Windows 7 Printer Installation Problems SNAFU

We have had a huge saga with printer installation when trying to automate that and control these through logon scripts or the various Group policy settings. Some way back a few years ago, in the days of Windows Server 2003 R2, Microsoft added the Print Management MMC tool along with the ability to manage printers using Group Policy. Later on, after buying out a company, Group Policy Preferences were added as a means of managing printers through Group Policy. Each of these has its own problems. The most serious problem you will encounter with Windows 7 is the dreaded hang when processing Group Policy Printers Policy. We have had numerous experiences where this simply freezes. I can leave a computer and come back the next day and it will still be stuck on this screen. This is a very debilitating experience for the user who cannot log on to their computer. All that will happen is that there will be entries in the events log talking about a long time spent processing Group Policy but when you try to find help to solve this problem there will not be any to find.
Microsoft has made a complete dog’s breakfast of centralised print management for domain administrators, although the early Print Management MMC approach that came in Windows Server 2003 R2 was a promising start. It is mainly the issue that the limitations of this, in particular removing printers which does not actually work properly, has been compounded by the further problems when using Group Policy Preferences, which leads to the situation  mentioned above with the logon freeze. In short the possibilities of being able to effectively centrally manage printer installation in Windows 7 have been kneecapped by what is now becoming a typical Microsoft cost cutting approach to resourcing these capabilities adequately. Therefore the only real option is to return to login scripting to install or remove printers, although this can also be managed through Group Policy settings.
I have started out by using a Powershell script, as Windows 7 / Server 2008 R2 has built in support for these in GPOs. Here I ran into the dreaded black screen after logon where the computer appears to freeze. Using some of the more reliable GPP settings like pushing across the registry key for DelayedDesktopSwitchTimeout and setting login scripts to run synchronously seems to be doing the trick after a lot of mucking around. However you should also check the event log on target computers in Microsoft-Windows-PrintService and if there are a lot of errors referring to malformed registry keys for specific printers then go into HKEY_CURRENT_USER Printers Connections and remove the subkeys for specific printers. In my test case deleting all these keys stopped the errors from appearing in the Event Log and allowed the printers being mapped in the login script to appear in the Printers folder.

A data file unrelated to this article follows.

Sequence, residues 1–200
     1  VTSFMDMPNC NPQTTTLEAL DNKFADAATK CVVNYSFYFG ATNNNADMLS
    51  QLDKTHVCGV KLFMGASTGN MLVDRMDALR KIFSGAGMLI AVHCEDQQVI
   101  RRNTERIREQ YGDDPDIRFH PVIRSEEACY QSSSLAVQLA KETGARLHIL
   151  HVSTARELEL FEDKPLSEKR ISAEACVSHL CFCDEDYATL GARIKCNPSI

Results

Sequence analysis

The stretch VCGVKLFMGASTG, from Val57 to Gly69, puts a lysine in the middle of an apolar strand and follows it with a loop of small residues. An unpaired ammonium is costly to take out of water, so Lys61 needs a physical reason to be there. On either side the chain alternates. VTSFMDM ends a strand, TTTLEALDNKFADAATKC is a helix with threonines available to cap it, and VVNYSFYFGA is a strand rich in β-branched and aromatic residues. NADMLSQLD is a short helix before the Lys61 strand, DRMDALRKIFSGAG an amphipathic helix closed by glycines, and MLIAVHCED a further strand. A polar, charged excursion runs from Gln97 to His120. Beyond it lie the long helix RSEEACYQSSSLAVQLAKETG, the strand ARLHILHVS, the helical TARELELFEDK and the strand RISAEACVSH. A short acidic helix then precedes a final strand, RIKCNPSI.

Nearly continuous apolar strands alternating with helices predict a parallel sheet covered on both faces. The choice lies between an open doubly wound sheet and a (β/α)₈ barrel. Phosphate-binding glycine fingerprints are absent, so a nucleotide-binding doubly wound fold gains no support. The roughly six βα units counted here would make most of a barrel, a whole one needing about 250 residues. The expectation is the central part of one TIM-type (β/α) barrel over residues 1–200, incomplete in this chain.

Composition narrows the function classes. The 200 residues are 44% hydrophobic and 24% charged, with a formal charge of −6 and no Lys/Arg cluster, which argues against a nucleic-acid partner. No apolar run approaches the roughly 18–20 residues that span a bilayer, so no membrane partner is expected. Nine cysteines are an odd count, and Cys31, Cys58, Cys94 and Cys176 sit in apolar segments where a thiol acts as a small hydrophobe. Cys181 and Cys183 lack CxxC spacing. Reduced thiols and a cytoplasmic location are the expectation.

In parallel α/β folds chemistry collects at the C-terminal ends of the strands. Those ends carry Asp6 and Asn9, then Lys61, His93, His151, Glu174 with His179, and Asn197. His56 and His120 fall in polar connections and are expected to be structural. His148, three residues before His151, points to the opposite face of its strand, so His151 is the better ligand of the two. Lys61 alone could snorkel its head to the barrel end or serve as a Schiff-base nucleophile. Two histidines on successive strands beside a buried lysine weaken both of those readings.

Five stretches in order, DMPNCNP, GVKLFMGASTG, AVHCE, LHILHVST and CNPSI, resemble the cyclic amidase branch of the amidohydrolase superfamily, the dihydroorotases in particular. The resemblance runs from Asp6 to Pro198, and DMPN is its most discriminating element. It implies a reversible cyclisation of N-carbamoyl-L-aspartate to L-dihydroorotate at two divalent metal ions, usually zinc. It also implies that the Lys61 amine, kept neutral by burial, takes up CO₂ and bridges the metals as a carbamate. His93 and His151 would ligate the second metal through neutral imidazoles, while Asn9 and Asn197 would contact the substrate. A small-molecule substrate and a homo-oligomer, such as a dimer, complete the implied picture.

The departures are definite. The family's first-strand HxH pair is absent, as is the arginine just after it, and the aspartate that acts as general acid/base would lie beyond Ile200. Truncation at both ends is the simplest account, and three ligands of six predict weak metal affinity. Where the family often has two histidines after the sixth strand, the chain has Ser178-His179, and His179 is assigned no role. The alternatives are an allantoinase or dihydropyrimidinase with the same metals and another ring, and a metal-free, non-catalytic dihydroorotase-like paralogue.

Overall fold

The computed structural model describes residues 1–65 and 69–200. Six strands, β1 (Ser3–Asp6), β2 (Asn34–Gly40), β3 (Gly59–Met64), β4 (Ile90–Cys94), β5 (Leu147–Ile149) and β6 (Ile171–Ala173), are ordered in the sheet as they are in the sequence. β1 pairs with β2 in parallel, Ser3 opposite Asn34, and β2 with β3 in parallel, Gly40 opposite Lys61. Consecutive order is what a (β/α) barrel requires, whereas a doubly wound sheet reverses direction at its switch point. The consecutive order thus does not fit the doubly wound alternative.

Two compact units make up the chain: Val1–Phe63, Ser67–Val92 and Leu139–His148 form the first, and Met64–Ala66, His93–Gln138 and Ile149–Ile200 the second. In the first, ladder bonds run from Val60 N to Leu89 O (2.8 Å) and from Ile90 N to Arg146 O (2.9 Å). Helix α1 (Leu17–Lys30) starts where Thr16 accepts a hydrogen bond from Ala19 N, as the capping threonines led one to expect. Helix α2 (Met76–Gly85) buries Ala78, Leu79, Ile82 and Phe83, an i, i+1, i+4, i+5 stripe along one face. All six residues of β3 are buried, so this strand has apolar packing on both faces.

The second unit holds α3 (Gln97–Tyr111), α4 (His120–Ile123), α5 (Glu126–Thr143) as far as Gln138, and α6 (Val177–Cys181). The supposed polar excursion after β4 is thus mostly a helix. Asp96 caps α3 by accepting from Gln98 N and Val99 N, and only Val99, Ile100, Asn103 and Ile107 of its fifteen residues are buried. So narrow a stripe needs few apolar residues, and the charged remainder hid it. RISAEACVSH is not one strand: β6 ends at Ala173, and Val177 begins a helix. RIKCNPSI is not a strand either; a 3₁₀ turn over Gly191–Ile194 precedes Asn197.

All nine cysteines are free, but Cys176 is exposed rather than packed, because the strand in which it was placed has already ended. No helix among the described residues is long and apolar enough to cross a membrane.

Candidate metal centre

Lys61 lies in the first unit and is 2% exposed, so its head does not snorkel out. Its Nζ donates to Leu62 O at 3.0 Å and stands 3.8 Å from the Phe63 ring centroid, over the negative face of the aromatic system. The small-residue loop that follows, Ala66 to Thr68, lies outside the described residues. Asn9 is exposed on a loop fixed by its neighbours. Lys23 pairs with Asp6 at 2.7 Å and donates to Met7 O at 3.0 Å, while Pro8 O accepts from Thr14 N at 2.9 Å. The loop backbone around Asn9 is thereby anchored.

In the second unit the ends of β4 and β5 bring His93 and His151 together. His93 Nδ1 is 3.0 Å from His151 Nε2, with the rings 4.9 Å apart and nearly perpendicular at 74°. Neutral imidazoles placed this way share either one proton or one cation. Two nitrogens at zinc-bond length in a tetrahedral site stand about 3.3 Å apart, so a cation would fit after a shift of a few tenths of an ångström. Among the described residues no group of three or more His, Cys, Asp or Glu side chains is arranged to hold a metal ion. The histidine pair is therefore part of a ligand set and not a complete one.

The next step will be to have more printers being added in the login script. Just why this appears to be successful when GPP Printers does not work isn’t particularly clear. For us as system administrators a series of experiences where Windows 7 technologies appear to be lacking proper resourcing or support from Microsoft demands we respond with a “back to basics” approach and revert to tried-and-true, in this case logon scripting (which I thought had gone out with the ark). I don’t consider myself to be a programmer but that script will be getting updated and added to in future in order to make sure that printer installation and configuration can be relied upon. This is very important because incorrect printer installation will cause a lot of strange errors and problems with lots of everyday applications. I have seen these numerous event log errors before and deleting the keys from the Registry is not a new experience. I wrote about it here in fact. And looking back at that situation it is by remarkable coincidence (NOT!!!!) that the latest problems involve another Brother printer…
UPDATE: The saga continues because even though we have switched the server and clients over to driver isolation, the print spooler is still failing. The types of events now being logged are an inability to load the Brother print processor, even though it is not actually being used. In order to deal with this some registry keys that cause print processors to be loaded will need to be removed. I hope this fixes the problem as we have already paid for this printer and don’t want to have to return it. Here is the info about the registry keys:
The summary of this is to look for and remove registry keys under HKEY_LOCAL_MACHINE System CurrentControlSet Control Print Environments Windows NT x86 Print Processors. There will be subkeys named for each print processor in use in the system. The content is part of a much larger article on how to debug print spooler crashes. I hope this will be successful as the only other option is to get rid of the particular printer.
UPDATE 2: The above didn’t work in this case, as the registry keys didn’t exist. Although we are using x64, a search of the registry for the BrPrint processor failed to find its key, and there are no recent events for this print processor’s DLL failing to load. I can only assume with applying the isolation settings, the Brother print processors are not actually being loaded.
The solution now being tested is to do away with Brother drivers altogether. Most printers are compatible with HP drivers, and this printer turns out to work satisfactorily with the HP Universal Print Driver for PCL5. So far all testing is good. If it all turns out then all the Brother 64 bit print queues on our print server will be changed over to HP drivers.